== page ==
Change is happening rapidly and increasing expectations. Limited roads are beginning to appear from the Tibet side, sometimes hand built by the villagers themselves. Mobile phones can be used over about 75% of the area so contact and keeping in touch is a lot easier. However, for the majority life is how it has been for the last thousand years but with small improvements happening year-on- year.
Our first Birthing centre at Bargaun village is on course for completion in the spring of 2014. This is another district first. Bargaun is working in collaboration with our nearby clinic at Torpa village which will improve efficiency and delivery. About three hours walk down the mountain is the largest, and poorest, Hindu village in Humla, Thehe. We are now in discussion with the village leaders to develop a collaborative health care delivery policy involving Thehe, Torpa and Bargaun. Work has started on a new Birthing Centre in south Humla in the village of Sarkegad attached to our existing clinic. Some initial funds have been secured for this vital project and it is hoped to complete by 2015. The new Birthing Clinic at Yari village in north Humla is at the advanced planning stage and the majority of the funding has already been secured. As always, the community have to contribute up to 10% in kind. This ensures a sense of ownership and future care.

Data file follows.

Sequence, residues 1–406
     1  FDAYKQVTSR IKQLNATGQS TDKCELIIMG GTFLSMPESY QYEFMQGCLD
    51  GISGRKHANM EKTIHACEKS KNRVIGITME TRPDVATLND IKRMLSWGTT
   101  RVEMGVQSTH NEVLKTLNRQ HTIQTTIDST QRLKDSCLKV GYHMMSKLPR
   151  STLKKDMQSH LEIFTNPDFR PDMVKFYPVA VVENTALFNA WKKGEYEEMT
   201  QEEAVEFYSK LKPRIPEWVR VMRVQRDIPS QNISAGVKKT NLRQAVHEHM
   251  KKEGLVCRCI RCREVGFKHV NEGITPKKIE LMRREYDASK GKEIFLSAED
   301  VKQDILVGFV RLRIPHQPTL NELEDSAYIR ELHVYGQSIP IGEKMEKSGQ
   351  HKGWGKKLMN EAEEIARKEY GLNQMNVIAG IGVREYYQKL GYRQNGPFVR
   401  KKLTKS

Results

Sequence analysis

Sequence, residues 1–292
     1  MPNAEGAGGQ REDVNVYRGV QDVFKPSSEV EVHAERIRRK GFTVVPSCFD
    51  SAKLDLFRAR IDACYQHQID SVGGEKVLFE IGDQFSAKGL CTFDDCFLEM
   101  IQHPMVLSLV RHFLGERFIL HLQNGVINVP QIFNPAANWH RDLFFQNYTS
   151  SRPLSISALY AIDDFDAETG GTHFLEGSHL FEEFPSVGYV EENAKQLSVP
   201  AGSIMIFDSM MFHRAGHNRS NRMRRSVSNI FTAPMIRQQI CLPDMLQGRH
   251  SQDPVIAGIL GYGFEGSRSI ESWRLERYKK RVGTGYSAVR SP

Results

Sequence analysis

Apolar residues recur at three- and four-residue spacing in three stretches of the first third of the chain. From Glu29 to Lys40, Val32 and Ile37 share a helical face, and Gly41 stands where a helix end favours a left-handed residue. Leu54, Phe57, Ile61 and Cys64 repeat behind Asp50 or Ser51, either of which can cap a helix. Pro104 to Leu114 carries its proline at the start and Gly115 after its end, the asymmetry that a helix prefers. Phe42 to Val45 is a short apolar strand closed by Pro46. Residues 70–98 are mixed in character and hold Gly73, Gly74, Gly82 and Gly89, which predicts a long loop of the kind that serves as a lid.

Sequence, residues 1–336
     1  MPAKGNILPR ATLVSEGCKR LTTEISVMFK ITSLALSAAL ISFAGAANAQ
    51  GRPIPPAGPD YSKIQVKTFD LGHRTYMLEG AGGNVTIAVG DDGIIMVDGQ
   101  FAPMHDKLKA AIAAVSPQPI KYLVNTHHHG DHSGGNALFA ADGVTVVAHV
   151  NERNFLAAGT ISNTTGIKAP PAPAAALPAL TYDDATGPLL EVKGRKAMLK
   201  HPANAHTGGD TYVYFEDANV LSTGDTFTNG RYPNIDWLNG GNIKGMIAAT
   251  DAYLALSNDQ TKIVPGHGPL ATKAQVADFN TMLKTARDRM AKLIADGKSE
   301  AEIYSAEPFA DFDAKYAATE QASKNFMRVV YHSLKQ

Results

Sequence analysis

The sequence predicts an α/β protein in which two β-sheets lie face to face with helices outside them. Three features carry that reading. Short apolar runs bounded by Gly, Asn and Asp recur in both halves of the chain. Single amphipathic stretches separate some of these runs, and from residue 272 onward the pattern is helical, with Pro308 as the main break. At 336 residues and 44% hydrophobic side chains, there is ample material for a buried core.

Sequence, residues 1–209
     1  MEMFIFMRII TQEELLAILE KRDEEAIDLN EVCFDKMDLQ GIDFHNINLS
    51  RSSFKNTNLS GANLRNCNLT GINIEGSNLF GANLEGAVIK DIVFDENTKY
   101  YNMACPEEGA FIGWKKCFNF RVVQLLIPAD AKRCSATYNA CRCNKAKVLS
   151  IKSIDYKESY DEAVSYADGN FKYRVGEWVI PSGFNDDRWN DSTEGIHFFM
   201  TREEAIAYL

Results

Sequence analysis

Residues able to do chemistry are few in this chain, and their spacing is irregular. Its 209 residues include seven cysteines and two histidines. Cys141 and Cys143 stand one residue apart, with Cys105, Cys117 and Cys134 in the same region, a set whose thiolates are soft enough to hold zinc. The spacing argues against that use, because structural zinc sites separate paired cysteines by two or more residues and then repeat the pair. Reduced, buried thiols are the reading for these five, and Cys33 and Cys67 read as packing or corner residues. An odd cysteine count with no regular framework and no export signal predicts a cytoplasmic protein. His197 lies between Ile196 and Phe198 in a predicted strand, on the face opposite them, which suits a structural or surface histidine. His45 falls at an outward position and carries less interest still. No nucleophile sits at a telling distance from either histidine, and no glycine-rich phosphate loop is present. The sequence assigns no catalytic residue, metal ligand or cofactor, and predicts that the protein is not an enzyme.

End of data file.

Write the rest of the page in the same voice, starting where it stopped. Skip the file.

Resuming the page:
Our three Little Doctor programmes in Simikot, Yalbang and Bargaun have been completed and 66 young students successfully graduated. We urgently need funding for next years programme.
As reported before our other activities are fully integrated with the health programme to help nurture and promote healthier lifestyles. An example of this is our Renewable Energy programme that has developed numerous hydro and solar energy schemes all of which significantly reduce the need for kerosene and wood and leads to a reduction in respitory diseases. Earlier this year eight members of the Rotary Club of Durango Daybreak in Colorado trekked, in horrendous monsoon conditions and under the direction of the Nepal Trust, to deliver and fit 165 solar lamps to homes and small businesses on the Great Himalayan Trail in Humla. These are homes that would otherwise not be connected to another electricity supply and will help them to develop their businesses for trekkers and tourists and improve the local economy. While in Humla they were also able to participate in one of our Little Doctor programmes. They have now produced a fantastic film about their trip http://www.youtube.com/watch?v=4EOTfz-7lBM 'Journey to the Sky'. It is well worth watching to get some idea of the difficulties of working in such a remote area.
If you would like to trek with the Nepal Trust do get in contact. Our Treks 2 Build have been running since 1994 and will provide you with the experience of a lifetime and you will also put something back in to these deprived communities.